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ACCORDING to a recent large study, more than 25 million Americans suffer from some degree of pain on a daily basis, and that nearly 40 million experience severe pain — which many of us try to relieve by reaching for over-the-counter (OTC) painkillers, says the November 2015 issue of the Icahn School of Medicine at Mount Sinai Focus on Healthy Aging.

Mount Sinai geriatrician Patricia Bloom, M.D., who recommends caution when it comes to using OTC painkillers regularly, says, “Many people think these medications are without risk simply because they are easily available, but they have many side effects, some of which are potentially life-threatening for seniors.”

In the study (Journal of Pain, August), women and the elderly were more apt to report relatively severe pain and individuals in the two most severe pain groups were likely to have worse health status and suffer from more disability than those with less severe pain.

Dr. Bloom cautions that “pain impairs the body’s ability to heal, and can actually make you sicker — unrecognized or untreated pain can lead to loss of physical functioning, depression, decreased socialization, insomnia, and falls due to weakness and gait instability.”

Delirium can be another complication.

Unfortunately, pain-relieving drugs carry risk factors for seniors — in fact, the Food and Drug Administration (FDA) recently strengthened the warning labels for widely used NSAIDs like ibuprofen (Advil, Motrin) and naproxen (Naprosyn, Aleve), noting that they can increase the risk of heart attack and stroke, adds the health letter.

Acetaminophen — another widely used painkiller — is safe if used correctly, but its presence in many OTC cold and flu medications means it’s easy to overdose.

Thus, it’s recommended that older adults take no more than 3 grams a day of the drug.

Therefore, these complementary health approaches and non-pharmacological ways are offered to help mitigate chronic pain:

• Yoga — Designed to improve postural issues that can underpin pain, strengthen muscles and preserve flexibility, yoga involves gentle stretching — “Studies suggest that gentle hatha yoga can decrease pain and improve your ability to carry out activities of daily living if you suffer from back pain,” Dr. Bloom says.

• Tai chi — An ancient martial art, tai chi consists of slow, gentle movements called “forms” — these movements involve rotation and flexion of the torso, extension of the hips and knees, weight shifting postural control, and alignment, with and without arm coordination. The different forms improve strength, flexibility and balance, and can help ease pain and stiffness, as well as reduce the risk of falls.

• Pilates — Designed to develop the core muscles (the muscles around your trunk and pelvis) that support your spine, Pilates is a system of strengthening and stretching exercises — “Many people who take part in Pilates exercises confirm that it has improved their range of motion, as well as helped decrease back, neck and joint pain,” says Dr. Bloom.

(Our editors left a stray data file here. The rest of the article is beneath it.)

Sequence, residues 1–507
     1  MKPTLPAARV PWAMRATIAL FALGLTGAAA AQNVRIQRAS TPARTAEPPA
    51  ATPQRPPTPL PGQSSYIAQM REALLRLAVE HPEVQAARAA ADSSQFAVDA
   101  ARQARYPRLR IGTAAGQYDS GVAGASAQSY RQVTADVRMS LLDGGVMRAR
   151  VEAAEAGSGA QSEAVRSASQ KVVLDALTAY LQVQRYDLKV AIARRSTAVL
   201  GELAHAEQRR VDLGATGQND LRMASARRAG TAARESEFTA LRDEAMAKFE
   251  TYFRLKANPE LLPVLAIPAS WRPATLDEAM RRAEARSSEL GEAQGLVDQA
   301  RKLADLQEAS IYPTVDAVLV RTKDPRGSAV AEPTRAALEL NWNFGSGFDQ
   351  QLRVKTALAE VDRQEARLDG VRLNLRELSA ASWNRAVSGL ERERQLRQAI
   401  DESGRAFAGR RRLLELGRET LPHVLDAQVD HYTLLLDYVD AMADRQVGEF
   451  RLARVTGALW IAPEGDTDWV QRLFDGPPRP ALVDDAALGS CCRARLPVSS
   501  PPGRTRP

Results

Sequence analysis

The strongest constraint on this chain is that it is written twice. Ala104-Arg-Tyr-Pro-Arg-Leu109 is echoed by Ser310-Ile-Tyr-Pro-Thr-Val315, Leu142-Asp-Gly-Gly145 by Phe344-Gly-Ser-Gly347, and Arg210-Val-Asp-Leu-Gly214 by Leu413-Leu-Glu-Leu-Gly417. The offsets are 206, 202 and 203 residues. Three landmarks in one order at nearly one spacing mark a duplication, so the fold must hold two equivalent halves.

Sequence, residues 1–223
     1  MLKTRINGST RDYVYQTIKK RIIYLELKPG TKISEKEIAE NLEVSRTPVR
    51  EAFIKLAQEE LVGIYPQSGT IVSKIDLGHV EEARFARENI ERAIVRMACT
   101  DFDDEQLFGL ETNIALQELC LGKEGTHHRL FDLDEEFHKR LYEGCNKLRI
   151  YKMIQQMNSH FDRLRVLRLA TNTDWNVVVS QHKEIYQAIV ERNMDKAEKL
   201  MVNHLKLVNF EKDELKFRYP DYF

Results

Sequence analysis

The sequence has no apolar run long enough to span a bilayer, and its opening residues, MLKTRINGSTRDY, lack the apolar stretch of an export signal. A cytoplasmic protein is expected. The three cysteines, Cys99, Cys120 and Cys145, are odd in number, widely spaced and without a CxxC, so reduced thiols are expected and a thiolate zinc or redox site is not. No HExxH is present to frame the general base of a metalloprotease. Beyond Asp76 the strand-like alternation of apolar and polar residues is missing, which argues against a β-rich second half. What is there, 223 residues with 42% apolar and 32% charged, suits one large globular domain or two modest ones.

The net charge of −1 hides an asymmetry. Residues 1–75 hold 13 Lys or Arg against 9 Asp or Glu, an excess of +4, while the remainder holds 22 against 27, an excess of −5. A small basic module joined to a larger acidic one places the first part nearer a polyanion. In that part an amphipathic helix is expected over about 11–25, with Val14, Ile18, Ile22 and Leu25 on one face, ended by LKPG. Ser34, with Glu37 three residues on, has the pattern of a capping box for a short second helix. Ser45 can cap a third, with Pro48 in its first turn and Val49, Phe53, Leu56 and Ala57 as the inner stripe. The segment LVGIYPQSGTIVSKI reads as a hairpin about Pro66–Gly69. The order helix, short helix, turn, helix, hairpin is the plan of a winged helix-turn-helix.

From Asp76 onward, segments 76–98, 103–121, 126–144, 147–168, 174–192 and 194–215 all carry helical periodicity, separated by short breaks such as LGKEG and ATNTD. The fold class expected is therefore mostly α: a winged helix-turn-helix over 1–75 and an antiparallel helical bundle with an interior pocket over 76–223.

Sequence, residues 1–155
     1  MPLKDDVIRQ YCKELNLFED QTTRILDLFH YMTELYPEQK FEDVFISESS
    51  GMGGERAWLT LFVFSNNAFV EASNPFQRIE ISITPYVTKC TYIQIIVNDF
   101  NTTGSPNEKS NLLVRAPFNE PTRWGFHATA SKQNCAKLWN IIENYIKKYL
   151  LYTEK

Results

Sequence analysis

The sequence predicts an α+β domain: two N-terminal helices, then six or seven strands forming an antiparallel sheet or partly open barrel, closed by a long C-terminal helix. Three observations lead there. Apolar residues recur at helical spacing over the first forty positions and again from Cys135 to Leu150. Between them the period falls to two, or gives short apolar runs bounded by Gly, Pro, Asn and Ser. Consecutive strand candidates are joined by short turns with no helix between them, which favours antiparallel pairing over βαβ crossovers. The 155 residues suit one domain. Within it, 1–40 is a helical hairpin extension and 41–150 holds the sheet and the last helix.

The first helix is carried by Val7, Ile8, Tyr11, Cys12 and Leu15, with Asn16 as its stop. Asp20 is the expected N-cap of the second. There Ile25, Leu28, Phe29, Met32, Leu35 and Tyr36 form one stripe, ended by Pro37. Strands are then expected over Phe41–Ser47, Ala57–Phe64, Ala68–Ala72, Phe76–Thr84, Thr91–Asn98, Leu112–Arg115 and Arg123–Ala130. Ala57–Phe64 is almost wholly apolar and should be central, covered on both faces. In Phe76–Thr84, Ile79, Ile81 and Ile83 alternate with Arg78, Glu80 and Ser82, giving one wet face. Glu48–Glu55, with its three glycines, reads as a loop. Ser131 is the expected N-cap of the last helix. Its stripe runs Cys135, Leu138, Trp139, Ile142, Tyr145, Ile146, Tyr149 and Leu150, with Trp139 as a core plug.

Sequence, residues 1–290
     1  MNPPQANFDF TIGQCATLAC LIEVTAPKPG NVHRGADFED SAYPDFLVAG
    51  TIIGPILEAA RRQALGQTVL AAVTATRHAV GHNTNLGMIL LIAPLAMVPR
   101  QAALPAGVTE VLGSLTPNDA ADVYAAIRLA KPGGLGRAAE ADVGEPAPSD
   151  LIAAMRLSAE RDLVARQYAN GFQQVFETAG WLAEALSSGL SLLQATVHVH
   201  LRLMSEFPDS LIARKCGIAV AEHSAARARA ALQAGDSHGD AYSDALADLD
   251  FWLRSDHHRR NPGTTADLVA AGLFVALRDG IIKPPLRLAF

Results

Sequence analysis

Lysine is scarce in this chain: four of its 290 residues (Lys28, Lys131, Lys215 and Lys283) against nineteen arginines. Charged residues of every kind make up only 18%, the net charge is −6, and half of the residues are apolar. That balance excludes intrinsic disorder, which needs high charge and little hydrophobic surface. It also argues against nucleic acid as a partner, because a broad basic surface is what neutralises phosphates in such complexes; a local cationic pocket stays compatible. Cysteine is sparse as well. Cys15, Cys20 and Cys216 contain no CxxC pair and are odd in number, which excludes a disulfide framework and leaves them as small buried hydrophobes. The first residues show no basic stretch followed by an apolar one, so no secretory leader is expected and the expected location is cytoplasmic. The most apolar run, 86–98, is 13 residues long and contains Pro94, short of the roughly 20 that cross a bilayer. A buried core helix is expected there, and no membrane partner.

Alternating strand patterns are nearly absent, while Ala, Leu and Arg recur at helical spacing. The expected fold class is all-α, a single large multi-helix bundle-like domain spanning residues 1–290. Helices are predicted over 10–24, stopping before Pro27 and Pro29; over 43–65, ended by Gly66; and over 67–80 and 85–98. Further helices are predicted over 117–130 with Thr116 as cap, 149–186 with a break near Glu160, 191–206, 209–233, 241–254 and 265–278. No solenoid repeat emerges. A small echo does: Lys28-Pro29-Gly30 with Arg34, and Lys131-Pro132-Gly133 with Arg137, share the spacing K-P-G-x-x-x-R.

• Massage — Based on studies, massage is an effective treatment strategy for reducing muscle tension and pain, and it can also help boost your mood if chronic pain is causing anxiety and depression — stick to Swedish massage, since it is a more gentle form.

• Acupuncture — A form of traditional Chinese medicine, acupuncture involves the insertion of very fine needles into certain areas in order to clear “blockages” in the flow of energy through the body — “Several studies indicate that acupuncture may be effective in easing pain, and few risks are associated with the practice,” says Dr. Bloom, “although you may experience a slight burning sensation when the needles are inserted.”

• Mindfulness — A form of non-religious meditation, mindfulness consists of simple practices to train the mind’s attention in ways that have been shown to reduce stress and the impact of pain, and also to alleviate many medical and psychological conditions.

A certified Mindfulness-Based Stress Reduction (MBSR) teacher, Dr. Bloom has been involved in studies concerning the use of mindfulness for post-operative pain and chronic pain — “There is quite a significant body of scientific research concerning the use of mindfulness for pain,” she notes.

“Data indicate it may help to reduce the intensity of pain, and improve people’s function and ability to engage with life despite pain.”

Many community and senior centers now offer courses in mindfulness.

Meanwhile, the Harvard Medical School Harvard Men’s Health Watch November, says that for general prevention of musculoskeletal aches and pains, regular physical activity is the cornerstone — perhaps supplemented with some gentle stretching.

Walking, swimming, jogging and cycling are all good options — to keep your body pain-free, make sure to vary your activity, adds the health letter.

But it cautions that muscle and joint pain sometimes points to more than simple lack of exercise — arthritis gradually breaks down the joint-cushioning cartilage where bone meets bone; torn tissues and squeezed nerves can cause pain to keep you awake at night.

These specific injuries and conditions may require medical attention.

While Dr. Bloom frequently recommends that her patients consider non-pharmacologic interventions for the treatment of chronic pain, she also cautions that if you have a specific condition which requires avoiding certain exercises — for example, osteoporosis or osteopenia, both of which weaken the bones — “don’t do exercises that require flexing of the spine,” she says.

Always use qualified practitioners — visit the National Center for Complementary and Integrative Health (www.nccih.org) for links.

Finally, if you are considering (or already use) complementary approaches, let your doctor know, Dr. Bloom concludes.